Theatre from a vulnerable planet
The language of seagulls and the sheer diversity of sounds they make were a huge source of fascination for translator Luisa Gutierréz Ruiz while she worked on her latest project, Pipsa Lonka’s Cuatro días de proximidad.
Luisa Gutierréz Ruiz studied journalism in Madrid and graduated from the University of Helsinki with a major in Germanic philology and a minor in Finnish language. She is a translator of Finnish prose and drama into Spanish and also works as a communications manager at the Finnish Cultural Institute in Madrid.
A prolific translator, her extensive bibliography of Finnish plays includes classics like Minna Canth alongside contemporary hits like Juha Jokela’s Fundamentalisti (Fundamentalist/Fundamentalista) and Mika Myllyaho’s Kaaos (Chaos/Caos) as well as Broken Heart Story and Tavallisuuden Aave (Phantom of Normality/ El fantasma de la normalidad) by Saara Turunen. The latter was chosen as one of the best translations of 2018 by Eurodram, the European network for drama in translation. Her most recent projects include Rosa Liksom’s novel Hytti nro 6 (Compartment No. 6/ Compartimento número 6) and Pipsa Lonka’s Neljän päivän läheisyys (Sky every day/ Cuatro días de proximidad).
We spoke to Luisa to ask about her experience of reading and translating Pipsa Lonka’s play.
Louisa, you have extensive experience of translating Finnish fiction, prose and drama into Spanish. You recently completed a translation of Pipsa Lonka’s Sky every day which brings together people and seagulls on a beach. What did you make of the play?
I liked it very much. What I particularly enjoyed was the way the humans and the seagulls were portrayed on equal terms and the fact that the seagulls have their own distinctive language. The landscapes that Lonka conjures and the sentiments about our natural environment that she expresses through the text are also very close to my heart. I like ecotheatre because it invites audiences to explore our relationships with other sentient lifeforms and the environments that they inhabit.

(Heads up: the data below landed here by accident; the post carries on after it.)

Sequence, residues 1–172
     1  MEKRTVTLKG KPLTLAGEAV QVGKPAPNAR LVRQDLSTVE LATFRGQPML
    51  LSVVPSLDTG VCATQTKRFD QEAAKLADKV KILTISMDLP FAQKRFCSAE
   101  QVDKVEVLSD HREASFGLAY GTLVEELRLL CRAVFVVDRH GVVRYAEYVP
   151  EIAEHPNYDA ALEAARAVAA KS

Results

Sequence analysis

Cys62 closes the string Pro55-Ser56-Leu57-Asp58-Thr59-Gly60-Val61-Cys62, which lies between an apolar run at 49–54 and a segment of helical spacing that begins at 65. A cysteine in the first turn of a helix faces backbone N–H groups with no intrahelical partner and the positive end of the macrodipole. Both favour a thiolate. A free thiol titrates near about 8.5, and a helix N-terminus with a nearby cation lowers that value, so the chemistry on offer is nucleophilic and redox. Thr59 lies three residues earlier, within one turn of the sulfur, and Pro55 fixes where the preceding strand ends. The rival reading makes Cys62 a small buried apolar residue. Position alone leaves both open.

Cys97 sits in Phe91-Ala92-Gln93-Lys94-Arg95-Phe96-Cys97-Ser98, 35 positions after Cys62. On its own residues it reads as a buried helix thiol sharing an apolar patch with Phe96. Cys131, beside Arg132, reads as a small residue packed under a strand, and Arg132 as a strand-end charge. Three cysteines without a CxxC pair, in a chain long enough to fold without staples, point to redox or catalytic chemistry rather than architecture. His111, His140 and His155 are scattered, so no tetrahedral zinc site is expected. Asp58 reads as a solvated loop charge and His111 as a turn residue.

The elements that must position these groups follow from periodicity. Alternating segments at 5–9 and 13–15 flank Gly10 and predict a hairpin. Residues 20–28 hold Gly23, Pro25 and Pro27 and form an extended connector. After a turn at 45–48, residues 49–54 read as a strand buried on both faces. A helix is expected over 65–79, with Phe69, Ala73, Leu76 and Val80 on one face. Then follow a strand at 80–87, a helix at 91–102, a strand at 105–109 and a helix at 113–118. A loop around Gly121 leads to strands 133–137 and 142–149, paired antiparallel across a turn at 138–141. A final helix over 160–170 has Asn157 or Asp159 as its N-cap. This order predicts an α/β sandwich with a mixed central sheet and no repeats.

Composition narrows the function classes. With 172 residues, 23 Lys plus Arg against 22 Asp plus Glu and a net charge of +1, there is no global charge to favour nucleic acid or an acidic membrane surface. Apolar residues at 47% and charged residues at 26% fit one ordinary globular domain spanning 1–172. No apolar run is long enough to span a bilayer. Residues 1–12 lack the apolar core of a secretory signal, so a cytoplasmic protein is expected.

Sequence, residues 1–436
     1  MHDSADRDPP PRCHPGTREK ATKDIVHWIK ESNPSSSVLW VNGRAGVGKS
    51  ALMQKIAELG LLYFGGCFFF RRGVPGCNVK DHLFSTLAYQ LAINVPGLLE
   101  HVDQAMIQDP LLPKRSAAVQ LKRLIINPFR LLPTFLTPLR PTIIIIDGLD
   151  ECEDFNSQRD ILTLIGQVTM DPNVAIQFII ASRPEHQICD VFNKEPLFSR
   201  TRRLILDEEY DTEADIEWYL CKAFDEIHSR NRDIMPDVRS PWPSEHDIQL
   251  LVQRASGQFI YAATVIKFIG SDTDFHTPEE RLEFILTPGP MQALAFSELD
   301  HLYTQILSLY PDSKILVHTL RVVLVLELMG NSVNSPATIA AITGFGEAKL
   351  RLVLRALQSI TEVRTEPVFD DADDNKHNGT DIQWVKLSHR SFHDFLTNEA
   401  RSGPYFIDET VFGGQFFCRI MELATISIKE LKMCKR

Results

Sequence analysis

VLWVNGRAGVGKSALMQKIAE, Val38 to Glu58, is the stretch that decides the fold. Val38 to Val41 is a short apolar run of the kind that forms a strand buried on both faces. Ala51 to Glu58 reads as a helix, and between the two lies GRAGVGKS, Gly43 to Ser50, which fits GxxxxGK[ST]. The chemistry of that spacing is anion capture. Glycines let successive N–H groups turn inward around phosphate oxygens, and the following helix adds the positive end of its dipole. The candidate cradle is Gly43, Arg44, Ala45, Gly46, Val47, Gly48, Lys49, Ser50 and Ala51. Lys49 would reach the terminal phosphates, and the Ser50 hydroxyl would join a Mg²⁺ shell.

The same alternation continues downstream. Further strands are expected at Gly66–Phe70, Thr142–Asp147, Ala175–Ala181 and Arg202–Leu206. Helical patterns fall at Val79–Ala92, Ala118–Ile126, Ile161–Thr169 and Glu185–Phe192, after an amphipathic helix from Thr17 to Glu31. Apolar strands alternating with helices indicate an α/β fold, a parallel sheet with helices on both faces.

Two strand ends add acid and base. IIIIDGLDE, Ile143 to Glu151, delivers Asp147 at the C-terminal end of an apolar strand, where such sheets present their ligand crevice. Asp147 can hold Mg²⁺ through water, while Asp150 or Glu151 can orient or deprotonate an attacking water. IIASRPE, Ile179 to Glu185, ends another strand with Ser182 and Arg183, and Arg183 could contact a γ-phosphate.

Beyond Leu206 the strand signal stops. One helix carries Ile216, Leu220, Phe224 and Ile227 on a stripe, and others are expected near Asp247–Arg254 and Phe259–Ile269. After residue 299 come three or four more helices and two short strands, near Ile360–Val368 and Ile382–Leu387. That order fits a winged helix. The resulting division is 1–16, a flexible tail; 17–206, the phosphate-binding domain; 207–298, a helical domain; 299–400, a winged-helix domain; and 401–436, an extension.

Lonka’s plays convey her profound thinking on environmental issues, and they are always characterised by a genuine sense of biodiversity. In her works, human beings are not the only species with a sense of their own agency. In terms of the way you approach your work, was there much difference between translating human and avian dialogue?
Every seagull species has its own distinctive voice, both in Finnish and Spanish. During the translation process, I turned to ornithology books and birdwatching websites to find out more about this topic. And I was amused to discover that seagulls ringed in Finland have been found in Malaga. I also made use of resources provided by SEO Birdlife, a Spanish conservation charity, to make sure that I got the seagull orthography just right.
Plataforma Fluorescente, the Argentinian theatre festival, is planning to run Pipsa Lonka’s Toinen luonto (Second nature) in September. Are there any theatres in Spain or in the wider Spanish-speaking world that you think might be a good fit for Sky every day? Do you think there would be interest in it?
I think it would work well in a Spanish-language setting, because the themes it covers are universal. Argentina, Mexico, Uruguay... As for which theatre specifically, I think in Madrid where I currently live, Sky every day would work well in one of the smaller theatres like Teatro del Barrio or some of the larger ones like the Abadía or the María Guerrero.
We also have the Planeta Vulnerable project that specialises in ecotheatre, and there’s also the international Langaia Festival in Lanzarote. It would be amazing to see Cuatro días de proximidad performed on stage in Spanish.
TINFO / Sari Havukainen, 29 April 2022
Translation by Liisa Muinonen-Martin
Pipsa Lonka's author profile in New Plays from Finland selection